Ping Record option

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Feb 23rd, 2010
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Hello,


does anybody have a detailed experience with the Extended Ping, especially the Record option?


My understanding is:

When a router receives an ICMP Echo Request packet with this option (and the router OS supports the record option), it adds it's (outgoing?) interface IP address to the record in the packet header.

When the target device receives the Echo Request packet, it replies with an Echo Reply packet copying all the recorded addresses from the original Request packet to the Reply packet header when sent.

And the routers on the path back keep updating the Reply packet header with their interface addresses.


I used this feature while checking routing within my network.

But it seems to bring an interesting feature:

When sending several Ping packets I noticed all the routers behaving like per-packet load-balancing were configured.

But it's not!

Does the Record option force each router to use CPU switching for each of those packets? (I think yes.)

And to apply the "packets originated by the router itself are always per-packet load-balanced" rule?

But those packets are not originated by the router ifself, in fact.


Am I missing something?


Thanks,

Milan

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paolo bevilacqua Tue, 02/23/2010 - 04:50
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I'm not sure how various routers handle the record route option.


However, each ping is classified as a different flow, consequently you will see behaving as per-packet load balancing.

milan.kulik Tue, 02/23/2010 - 05:35
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Hi,


why would each ping be classified as a different flow when the source and destination IP address is still the same?

(I might have forgotten to say this clearly in my original question.)


I just found in the Ciscopress CEF book:

"...sending an ICMP echo with the record option forces all routers along the path to use the process-switching method of forwarding a frame. If an ICMP echo with the record option is successful and a standard ICMP echo is not, you can assume with some certainity that CEF is indeed a cause of your IP connectivity issue somewhere along the path."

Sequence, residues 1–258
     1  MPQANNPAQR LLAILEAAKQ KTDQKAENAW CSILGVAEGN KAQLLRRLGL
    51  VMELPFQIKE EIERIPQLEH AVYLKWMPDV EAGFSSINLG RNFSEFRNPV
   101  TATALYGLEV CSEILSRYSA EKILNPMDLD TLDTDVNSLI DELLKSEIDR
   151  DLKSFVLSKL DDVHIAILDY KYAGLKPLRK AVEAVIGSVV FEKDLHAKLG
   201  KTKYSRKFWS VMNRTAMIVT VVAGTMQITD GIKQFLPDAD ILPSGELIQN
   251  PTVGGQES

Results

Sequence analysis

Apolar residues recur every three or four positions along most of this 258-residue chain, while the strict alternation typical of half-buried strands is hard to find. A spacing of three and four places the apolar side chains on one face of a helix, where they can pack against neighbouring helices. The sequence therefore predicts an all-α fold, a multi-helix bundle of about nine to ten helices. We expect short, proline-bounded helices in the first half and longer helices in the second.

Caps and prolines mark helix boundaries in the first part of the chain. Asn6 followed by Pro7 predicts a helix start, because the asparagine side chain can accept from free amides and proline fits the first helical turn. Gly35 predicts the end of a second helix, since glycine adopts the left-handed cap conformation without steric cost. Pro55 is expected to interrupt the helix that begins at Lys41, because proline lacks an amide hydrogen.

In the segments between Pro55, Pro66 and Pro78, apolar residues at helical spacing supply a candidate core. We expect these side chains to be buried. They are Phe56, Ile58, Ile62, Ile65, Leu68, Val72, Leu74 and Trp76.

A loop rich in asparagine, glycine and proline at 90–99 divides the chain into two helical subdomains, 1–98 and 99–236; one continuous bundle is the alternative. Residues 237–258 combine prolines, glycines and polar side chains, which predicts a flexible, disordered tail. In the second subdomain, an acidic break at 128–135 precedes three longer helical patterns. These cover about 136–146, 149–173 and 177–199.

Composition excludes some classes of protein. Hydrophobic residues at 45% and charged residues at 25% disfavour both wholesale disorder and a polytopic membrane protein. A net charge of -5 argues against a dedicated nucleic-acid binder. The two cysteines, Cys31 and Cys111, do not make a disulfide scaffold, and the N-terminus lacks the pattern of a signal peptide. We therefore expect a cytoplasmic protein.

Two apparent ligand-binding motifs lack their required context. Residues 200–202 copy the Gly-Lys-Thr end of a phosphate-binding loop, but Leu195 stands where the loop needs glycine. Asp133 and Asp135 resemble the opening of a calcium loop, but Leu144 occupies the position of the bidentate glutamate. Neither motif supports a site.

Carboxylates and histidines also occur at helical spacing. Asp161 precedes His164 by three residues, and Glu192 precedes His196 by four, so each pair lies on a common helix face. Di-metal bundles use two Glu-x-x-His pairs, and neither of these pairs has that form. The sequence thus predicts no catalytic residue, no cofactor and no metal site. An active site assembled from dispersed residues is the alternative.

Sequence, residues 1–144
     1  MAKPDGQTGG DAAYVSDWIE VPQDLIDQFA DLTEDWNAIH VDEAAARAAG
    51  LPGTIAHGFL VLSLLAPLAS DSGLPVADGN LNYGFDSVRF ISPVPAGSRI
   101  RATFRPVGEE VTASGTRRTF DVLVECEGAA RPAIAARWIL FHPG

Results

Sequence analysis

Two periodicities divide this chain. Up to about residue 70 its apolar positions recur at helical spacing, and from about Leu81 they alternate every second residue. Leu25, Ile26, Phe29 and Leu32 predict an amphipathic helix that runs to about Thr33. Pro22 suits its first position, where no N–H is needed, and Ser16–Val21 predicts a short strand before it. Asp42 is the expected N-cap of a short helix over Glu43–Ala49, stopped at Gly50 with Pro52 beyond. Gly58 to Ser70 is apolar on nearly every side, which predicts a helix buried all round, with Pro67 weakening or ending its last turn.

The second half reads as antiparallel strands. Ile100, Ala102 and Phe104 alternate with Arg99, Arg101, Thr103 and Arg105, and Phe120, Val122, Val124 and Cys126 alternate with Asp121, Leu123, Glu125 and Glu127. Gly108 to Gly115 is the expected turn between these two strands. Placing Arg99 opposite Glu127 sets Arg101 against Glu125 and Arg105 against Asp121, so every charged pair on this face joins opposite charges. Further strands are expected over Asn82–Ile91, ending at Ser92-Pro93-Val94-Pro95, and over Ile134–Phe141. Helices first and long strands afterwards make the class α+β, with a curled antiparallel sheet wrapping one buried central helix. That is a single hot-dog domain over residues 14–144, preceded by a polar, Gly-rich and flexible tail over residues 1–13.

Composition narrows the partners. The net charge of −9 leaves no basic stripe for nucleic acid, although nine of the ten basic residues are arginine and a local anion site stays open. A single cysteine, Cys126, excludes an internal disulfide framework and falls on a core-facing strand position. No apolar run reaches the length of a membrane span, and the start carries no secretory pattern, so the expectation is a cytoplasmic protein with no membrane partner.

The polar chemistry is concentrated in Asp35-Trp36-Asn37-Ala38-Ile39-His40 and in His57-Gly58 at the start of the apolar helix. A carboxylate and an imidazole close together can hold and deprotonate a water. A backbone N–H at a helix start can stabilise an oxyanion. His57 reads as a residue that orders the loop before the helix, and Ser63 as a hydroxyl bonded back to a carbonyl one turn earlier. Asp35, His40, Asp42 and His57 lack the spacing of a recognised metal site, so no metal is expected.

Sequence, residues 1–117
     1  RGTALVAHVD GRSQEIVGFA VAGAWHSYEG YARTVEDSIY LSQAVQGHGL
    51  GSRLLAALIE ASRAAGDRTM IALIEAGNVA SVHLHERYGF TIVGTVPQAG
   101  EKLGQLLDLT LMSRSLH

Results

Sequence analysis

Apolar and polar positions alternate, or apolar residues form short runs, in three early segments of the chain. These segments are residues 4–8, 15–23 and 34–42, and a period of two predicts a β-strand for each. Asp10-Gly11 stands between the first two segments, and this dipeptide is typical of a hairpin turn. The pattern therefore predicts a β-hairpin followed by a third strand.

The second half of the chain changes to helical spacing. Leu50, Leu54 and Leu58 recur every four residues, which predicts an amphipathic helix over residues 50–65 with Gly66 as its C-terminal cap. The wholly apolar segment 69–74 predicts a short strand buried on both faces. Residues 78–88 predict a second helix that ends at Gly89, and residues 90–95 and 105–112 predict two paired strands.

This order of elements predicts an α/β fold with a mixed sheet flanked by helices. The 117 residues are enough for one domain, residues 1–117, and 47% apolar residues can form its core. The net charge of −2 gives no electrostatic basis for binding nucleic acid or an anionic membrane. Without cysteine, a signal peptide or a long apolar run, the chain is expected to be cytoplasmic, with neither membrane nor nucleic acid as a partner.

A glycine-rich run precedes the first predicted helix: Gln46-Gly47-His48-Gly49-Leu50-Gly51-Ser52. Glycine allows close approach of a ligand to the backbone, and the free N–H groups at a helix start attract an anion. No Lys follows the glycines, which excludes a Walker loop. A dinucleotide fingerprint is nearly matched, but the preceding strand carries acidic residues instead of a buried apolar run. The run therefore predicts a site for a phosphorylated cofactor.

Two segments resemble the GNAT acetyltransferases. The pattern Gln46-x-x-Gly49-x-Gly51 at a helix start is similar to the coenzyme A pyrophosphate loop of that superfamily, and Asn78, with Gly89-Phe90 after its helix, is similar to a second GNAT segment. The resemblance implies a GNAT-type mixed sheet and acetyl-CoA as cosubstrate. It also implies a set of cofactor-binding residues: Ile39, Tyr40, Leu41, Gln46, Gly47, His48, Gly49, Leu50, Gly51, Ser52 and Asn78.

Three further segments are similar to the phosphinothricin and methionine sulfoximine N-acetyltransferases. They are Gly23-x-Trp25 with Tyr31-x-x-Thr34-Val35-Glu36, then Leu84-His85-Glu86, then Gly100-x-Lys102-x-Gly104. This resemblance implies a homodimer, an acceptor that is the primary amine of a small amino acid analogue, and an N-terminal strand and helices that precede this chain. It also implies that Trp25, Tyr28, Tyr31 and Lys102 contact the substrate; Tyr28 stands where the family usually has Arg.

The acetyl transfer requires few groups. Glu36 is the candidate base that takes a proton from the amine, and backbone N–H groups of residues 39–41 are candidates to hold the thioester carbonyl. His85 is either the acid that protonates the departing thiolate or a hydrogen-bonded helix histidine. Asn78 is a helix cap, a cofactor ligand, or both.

And process-switching is using per-packet load balancing, isn't it?

It makes sense now.


BR,

Milan

paolo bevilacqua Tue, 02/23/2010 - 06:57
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why would each ping be classified as a different flow when the source and destination IP address is still the same?


Because flows are indentified not with addresses only, but using protocol ports also.


Now it happens that ICMP doesn't have ports to do that, a consequence is the useful diagnostic property you ran into.

milan.kulik Tue, 02/23/2010 - 07:53
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Hi,


so far I understood CEF was using source/destination IP addresses only for load-sharing hash function by default?

And only some platforms were allowing  "mls ip cef load-sharing full" command to use L4 info?


BR,

Milan

paolo bevilacqua Tue, 02/23/2010 - 08:12
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http://www.cisco.com/en/US/tech/tk827/tk831/technologies_tech_note09186a0080094806.shtml


I may be wrong about ports use, in fact is a different calculation. In any case, ICMP is not "flowed" by design.


EDIT: Here's the option to include Layer 4 info in hash calculation:

http://www.cisco.com/en/US/docs/ios/ipswitch/command/reference/isw_i1.html#wp1012465

Giuseppe Larosa Tue, 02/23/2010 - 09:31
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Hello Milan,

I do agree that CEF,is not used, because the packet needs deep inspection in order to add local node next-hop IP address as requested by the ping record option.

So the packet is punted to main CPU to use CEF terminology.


The fact that  it is process switched, also on devices on the path, ìis really interesting, and you see the effects of per packet load balancing that is the load balancing method used by process switching.


The note that using ICMP with record route option allows to find out a CEF "black hole" is useful: I usually use an ACL with an entry with log option to get the same result (to bypass a CEF entry that might be corrupted).


Hope to help

Giuseppe

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